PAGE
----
Tornado hit eastern Connecticut and parts of Rhode Island, National Weather Service says
A tornado hit the eastern Connecticut town of Killingly on Wednesday, among four tornadoes that touched down in southern New England, weather authorities said.
The National Weather Service determined an EF-1 tornado touched down in Killingly and traveled to Foster, Rhode Island, with estimated peak winds of 100 mph. Weather officials surveyed the area and damage on Thursday.
There were no reports of significant damage in Killingly. There were road closures on Wednesday due to downed trees and power lines.
The weather service said the tornado began on Bailey Hill Road, between Cranberry Road and Ledge Road. The tornado moved northeast toward Ledge Road before dissipating in Foster, Rhode Island, officials said. Shingles were pulled off a two-story home and some trees were either snapped or uprooted in Killingly.
The National Weather Service said that three other tornadoes hit southern New England Wednesday between 4 and 5:30 p.m.: an EF-1 tornado with peak winds of 100 mph touched down in Glocester, Rhode Island; an EF-1 tornado with peak winds of 100 mph hit Lincoln, Rhode Island; and an EF-0 tornado hit North Attleborough, Massachusetts, with peak winds of 75 mph.
Weather service officials said late Wednesday that it appeared at least one tornado had formed, based on radar data and videos.
Severe thunderstorms made their way through Connecticut Wednesday, bringing heavy rain, winds and hail.
As of midday Wednesday, between 2 and 4 inches of rain had fallen in some areas, the weather service said. There were reports of some small stream flooding caused by the heavy rainfall.
A variety of flash flood warnings were in effect throughout the day Wednesday.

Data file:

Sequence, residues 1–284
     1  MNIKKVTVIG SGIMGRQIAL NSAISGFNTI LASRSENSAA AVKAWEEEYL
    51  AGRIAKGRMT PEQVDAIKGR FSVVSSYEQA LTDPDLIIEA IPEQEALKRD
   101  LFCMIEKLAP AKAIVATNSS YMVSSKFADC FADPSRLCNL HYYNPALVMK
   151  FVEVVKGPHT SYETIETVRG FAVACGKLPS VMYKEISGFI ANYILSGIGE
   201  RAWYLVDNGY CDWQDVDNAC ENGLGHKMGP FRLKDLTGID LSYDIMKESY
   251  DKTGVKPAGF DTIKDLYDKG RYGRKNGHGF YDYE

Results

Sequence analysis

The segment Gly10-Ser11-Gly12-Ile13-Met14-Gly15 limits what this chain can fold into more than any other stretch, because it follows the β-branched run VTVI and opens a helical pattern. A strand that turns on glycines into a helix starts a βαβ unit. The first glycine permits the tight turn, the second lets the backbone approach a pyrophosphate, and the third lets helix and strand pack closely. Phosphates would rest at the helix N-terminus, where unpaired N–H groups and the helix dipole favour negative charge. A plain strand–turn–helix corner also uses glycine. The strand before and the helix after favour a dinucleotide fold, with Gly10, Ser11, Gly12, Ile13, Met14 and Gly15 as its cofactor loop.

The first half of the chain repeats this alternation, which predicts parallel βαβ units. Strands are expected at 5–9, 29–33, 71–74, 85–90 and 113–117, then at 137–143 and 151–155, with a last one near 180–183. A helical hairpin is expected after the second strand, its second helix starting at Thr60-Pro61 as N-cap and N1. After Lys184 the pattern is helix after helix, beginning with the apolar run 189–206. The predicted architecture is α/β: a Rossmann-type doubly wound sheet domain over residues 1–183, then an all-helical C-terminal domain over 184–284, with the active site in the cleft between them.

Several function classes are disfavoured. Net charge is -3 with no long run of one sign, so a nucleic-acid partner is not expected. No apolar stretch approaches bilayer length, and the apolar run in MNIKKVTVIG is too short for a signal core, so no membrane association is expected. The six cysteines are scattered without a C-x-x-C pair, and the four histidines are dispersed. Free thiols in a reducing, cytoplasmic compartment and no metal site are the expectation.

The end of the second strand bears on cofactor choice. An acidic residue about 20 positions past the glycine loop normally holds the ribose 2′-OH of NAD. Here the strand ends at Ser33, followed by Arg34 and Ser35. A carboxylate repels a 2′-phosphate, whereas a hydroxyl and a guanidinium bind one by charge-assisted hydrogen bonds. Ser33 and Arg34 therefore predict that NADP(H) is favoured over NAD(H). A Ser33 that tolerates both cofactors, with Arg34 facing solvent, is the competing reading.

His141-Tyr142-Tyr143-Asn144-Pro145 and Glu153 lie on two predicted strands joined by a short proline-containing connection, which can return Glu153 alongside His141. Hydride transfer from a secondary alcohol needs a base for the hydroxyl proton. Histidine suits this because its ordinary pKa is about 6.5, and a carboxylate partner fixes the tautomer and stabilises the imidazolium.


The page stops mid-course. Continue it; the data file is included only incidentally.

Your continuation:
A tornado warning was in effect for a while Wednesday afternoon for east-central Windham County and western Providence County in Rhode Island.
Meanwhile, people in flooded parts of Massachusetts and Rhode Island are cleaning up even as they brace for more rain.. Nearly 10 inches of rain fell in six hours Monday, which weather officials described as a “200-year event.”
Before this week’s storms, eight tornadoes had hit southern New England this summer. That comes as the climate is warming. But more tornado confirmations could also be due to advances in weather radar technology, as well as more reports from citizens.
“Cellphones, social media — we know about tornadoes when they happen," Joe Dellicarpini, a meteorologist with the National Weather Service in Boston, said during a recent webinar. “Whereas 10, 15, 20 years ago, we may have heard of one, but it probably was more often we heard about wind damage that was probably a tornado and we just didn't know it was and we just heard about wind damage and that was that.”
While tornadoes in the fall are rare in New England, they can happen, such as two tornadoes that hit southeastern Connecticut and Rhode Island in November 2021. Dellicarpini points to warming ocean waters as a factor in late-season storms.
The Associated Press contributed to this report, which has been updated.